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Tribal Off the Rails

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Hi everybody! Now that Christmas is over, I'm hoping to have more time to play more actual paper Magic. Luckily for me, even though I haven't been able to play as much as I would like, other people haven't had that same problem. This week I have for you three decklists that are all based around tribes from Ixalan, but each of them includes something from Guilds of Ravnica that allows them to remain relevant in Standard.

Vampires

The first deck I have for you is titled Vampire Attack. The creator of the deck, Erinoxe, indicated that it is based on the Vampire decks that they've played against on Magic Arena. Let's take a look at it:


Conclave Tribunal
This looks like a great start to a Vampire tribal deck in Standard. There are a few issues that need to be addressed, however. First of all, the sideboard only has 12 cards. That needs to be filled out to the full 15 for maximum effectiveness. In all honesty, a card like Ajani's Welcome wouldn't be a bad option to have for those games that you know will go long. Since there's a ton of creatures and creature token generators in this deck, you should be able to gain quite a bit of life from having it in play. But if there's a card that would work better based on your own meta, feel free to add that to the sideboard instead.

While I'm not entirely thrilled with Cast Down as the low mana cost creature removal for this deck, I love Conclave Tribunal being the catch-all. It's worth considering swapping Walk the Plank in for Cast Down if there's not much Merfolk being played in your area. Sure, you might be a little more vulnerable to Merfolk Branchwalker and Jadelight Ranger, but being able to destroy any other type of creature could be worth it. As it stands, legendary creatures like Lyra Dawnbringer and Ghalta, Primal Hunger could give this deck fits if you don't draw a Conclave Tribunal in time.

One other thing to think about would be swapping out Arterial Flow for a couple of copies of either Dawn of Hope or Divine Visitation. The sensible side of me says that Dawn of Hope could be used quite effectively in a deck like this that's built to gain a lot of life. The irrational side of me says that making a ton of 4/4 Angel creature tokens when Elenda, the Dusk Rose dies sounds like a ton of fun. Making these tough choices is difficult.

Dinosaurs

The next deck I have for you features some heavy-hitters from the Dinosaur tribe in Ixalan. However, Dinosaurs aren't the only sources of spice in this deck. Let's take a look at it:


Path of Mettle
Even though there's only one copy in the deck, Shalai, Voice of Plenty does a great job not only protecting your Dinosaurs by giving them all hexproof, but also acting as a mana sink later in the game. This can be used to make your Dinosaurs beefier by giving them +1/+1 counters.

Since many of your Dinosaurs has an enrage ability that's triggered whenever that creature takes damage, Path of Mettle is a terrific way to trigger them for your benefit. The deck is also running a full playset of Forerunner of the Empire. If you're able to get Forerunner of the Empire, Bellowing Aegisaur, and Polyraptor on the battlefield at the same time, you can make a massive amount of Polyraptor tokens. Just keep in mind that you'll be limited by the amount of toughness Bellowing Aegisaur has, but this can be repeated turn after turn as long as you play a single new dinosaur that turn.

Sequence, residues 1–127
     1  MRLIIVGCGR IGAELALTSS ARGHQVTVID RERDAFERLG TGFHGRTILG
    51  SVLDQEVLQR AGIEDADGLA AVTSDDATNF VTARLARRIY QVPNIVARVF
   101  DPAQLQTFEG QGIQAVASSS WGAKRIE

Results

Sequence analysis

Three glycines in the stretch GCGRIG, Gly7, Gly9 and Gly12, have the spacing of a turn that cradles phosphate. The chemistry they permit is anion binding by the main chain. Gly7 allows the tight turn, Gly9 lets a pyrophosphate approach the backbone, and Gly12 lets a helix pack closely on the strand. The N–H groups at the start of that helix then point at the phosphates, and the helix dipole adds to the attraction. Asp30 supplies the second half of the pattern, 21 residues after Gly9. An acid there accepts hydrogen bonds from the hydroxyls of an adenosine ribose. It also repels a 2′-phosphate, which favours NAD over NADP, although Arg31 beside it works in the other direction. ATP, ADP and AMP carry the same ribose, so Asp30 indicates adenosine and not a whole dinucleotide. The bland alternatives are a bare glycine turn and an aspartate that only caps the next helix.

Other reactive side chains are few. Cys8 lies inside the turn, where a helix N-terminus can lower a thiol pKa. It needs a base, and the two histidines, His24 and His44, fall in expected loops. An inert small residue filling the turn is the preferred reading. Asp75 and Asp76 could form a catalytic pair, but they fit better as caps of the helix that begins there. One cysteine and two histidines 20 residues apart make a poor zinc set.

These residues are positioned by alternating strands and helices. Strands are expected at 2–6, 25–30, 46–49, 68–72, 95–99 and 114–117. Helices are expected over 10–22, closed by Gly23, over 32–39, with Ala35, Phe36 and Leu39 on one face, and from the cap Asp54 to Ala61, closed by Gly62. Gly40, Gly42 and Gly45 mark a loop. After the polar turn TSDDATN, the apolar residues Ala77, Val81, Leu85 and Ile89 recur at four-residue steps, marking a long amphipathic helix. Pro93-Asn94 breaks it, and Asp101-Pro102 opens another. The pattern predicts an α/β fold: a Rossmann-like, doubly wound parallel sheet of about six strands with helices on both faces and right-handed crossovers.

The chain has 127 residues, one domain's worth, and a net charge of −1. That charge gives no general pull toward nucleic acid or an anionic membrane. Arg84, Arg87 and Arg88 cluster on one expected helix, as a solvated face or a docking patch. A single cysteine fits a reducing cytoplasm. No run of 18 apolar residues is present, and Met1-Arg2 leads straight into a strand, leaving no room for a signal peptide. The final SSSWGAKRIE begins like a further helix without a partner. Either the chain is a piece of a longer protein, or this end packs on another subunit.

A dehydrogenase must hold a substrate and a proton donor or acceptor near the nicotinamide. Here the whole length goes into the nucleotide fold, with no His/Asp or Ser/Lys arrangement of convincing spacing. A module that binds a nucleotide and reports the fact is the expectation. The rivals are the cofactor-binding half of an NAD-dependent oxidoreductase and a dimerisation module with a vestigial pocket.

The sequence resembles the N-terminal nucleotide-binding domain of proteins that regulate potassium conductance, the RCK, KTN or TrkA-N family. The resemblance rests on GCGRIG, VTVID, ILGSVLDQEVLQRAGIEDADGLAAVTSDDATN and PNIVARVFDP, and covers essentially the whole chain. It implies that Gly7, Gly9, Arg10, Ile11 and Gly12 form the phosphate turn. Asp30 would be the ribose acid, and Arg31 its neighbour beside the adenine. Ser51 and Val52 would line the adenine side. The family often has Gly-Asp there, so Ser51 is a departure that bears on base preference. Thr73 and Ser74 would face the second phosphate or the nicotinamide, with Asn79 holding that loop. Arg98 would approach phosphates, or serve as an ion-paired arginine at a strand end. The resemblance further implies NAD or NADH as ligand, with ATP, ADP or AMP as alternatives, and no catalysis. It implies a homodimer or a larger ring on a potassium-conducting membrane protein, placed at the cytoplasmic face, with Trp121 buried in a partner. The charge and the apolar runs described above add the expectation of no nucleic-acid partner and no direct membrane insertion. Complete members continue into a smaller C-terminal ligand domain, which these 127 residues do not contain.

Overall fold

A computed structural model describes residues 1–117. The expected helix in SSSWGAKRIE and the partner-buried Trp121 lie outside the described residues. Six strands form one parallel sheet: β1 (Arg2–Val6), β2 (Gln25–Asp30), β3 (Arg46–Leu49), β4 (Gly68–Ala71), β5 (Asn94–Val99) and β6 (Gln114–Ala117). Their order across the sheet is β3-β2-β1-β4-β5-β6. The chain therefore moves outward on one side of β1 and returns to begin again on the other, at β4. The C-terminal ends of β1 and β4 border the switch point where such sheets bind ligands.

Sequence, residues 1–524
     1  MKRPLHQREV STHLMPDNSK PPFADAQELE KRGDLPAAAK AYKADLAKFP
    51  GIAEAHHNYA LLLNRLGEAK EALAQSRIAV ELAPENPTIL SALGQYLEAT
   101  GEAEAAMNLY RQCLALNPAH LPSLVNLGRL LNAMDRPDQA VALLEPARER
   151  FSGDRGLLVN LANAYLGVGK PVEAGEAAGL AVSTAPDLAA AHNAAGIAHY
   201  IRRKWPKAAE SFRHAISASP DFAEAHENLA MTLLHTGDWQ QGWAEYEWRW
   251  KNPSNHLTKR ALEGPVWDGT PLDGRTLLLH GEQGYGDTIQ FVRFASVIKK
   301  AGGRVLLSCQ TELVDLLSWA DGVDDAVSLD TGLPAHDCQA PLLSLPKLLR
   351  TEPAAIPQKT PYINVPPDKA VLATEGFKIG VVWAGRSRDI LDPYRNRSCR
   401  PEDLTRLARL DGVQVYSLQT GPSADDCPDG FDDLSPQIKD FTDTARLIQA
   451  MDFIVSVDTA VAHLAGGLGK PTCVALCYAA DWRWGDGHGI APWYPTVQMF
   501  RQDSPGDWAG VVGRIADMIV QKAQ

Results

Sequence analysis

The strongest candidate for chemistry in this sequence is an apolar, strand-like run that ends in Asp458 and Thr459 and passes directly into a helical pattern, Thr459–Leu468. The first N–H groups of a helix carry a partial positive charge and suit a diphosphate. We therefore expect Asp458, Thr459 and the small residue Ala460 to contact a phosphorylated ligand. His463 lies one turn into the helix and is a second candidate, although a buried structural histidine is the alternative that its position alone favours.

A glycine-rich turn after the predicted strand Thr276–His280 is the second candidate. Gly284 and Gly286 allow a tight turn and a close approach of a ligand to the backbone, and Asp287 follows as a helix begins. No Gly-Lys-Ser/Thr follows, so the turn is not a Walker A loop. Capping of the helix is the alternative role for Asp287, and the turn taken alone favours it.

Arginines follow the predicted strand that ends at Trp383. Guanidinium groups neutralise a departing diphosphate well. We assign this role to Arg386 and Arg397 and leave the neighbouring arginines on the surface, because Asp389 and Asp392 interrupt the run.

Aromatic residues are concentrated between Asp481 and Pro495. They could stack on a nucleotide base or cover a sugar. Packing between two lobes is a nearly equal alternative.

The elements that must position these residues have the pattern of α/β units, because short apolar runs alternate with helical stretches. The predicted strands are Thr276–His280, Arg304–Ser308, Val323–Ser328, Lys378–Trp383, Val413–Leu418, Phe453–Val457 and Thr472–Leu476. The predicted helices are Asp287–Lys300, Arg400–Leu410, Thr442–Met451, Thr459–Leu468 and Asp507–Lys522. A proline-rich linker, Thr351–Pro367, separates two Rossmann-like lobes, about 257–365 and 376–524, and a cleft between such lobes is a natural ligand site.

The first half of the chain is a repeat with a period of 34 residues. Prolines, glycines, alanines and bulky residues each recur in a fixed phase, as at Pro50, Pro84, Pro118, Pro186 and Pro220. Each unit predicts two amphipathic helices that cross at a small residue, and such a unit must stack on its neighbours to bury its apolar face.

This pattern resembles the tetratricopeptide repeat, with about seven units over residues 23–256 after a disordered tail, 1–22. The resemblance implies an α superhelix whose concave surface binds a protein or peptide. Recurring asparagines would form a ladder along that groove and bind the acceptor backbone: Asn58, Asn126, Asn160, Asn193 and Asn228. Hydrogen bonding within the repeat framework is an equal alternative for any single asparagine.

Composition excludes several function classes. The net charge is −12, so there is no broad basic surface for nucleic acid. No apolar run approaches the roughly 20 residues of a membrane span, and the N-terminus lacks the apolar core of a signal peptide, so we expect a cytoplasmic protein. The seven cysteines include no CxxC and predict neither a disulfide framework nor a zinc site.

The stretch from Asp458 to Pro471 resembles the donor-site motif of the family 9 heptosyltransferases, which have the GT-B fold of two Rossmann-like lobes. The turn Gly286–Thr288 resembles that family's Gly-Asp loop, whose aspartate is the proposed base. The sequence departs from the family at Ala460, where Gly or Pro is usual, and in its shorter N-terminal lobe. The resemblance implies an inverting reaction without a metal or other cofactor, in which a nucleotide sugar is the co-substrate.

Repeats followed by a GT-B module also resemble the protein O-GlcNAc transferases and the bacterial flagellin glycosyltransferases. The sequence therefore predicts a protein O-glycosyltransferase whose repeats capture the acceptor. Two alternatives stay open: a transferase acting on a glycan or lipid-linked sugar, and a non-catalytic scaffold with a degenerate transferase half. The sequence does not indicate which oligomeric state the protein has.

Merfolk

The final deck I have for you this week looks to win in an unconventional fashion. Let's take a look at Merfolk Mill:


Drowned Secrets
For those of you not familiar with the term "Mill", it comes from the card Millstone. With that card, you could make a target player (usually your opponent) put the top two cards from their library into their graveyard. The Magic slang term "Mill" basically means to put cards from a player’s library into their graveyard.

So, now that you know what mill means, how does this deck attempt to do that? The two main ways to achieve this are with Drowned Secrets and Psychic Corrosion. Every spell in this deck is a Blue spell, therefore once you have a Drowned Secrets in play, casting any of your spells will make target player (your opponent) mill their top two cards.

Psychic Corrosion costs one more mana to play than Drowned Secrets, but it mills your opponent for the same amount (two cards) whenever you draw a card. Naturally you will draw a card at the beginning of each of your turns, so you create a slow win condition without doing anything else. However, you can speed up that clock with the help of cards such as Curious Obsession, Chart a Course, and Seafloor Oracle. One thing to keep in mind is that drawing cards with Seafloor Oracle's ability is mandatory, so if your opponent is running out of cards in their deck and you are as well, you can ask them to count the number of cards remaining so that you don't attack with too many Merfolk and cause yourself to lose the game because you drew too many cards.

Because you might be able to draw extra cards each turn, this deck is playing a couple of copies of Reliquary Tower. This land allows you to have no maximum hand size, so it's a good land to put into play when you know hand size is going to be an issue.

Wrapping Up

As you can see, even though the Ixalan Block cards have been out for a while, when combined with cards from more recent sets, they still have the capability to perform well in Standard.

What do you think of these decks? Do you have any suggestions for improvements? Let me know by leaving a comment below or you can reply to me directly on Twitter (@mikelikesmtg), or email me directly at mikelikesmtg@gmail.com. And be sure to join me here again next week as I continue my search for innovative decks in Standard. I'll see you then!

— Mike Likes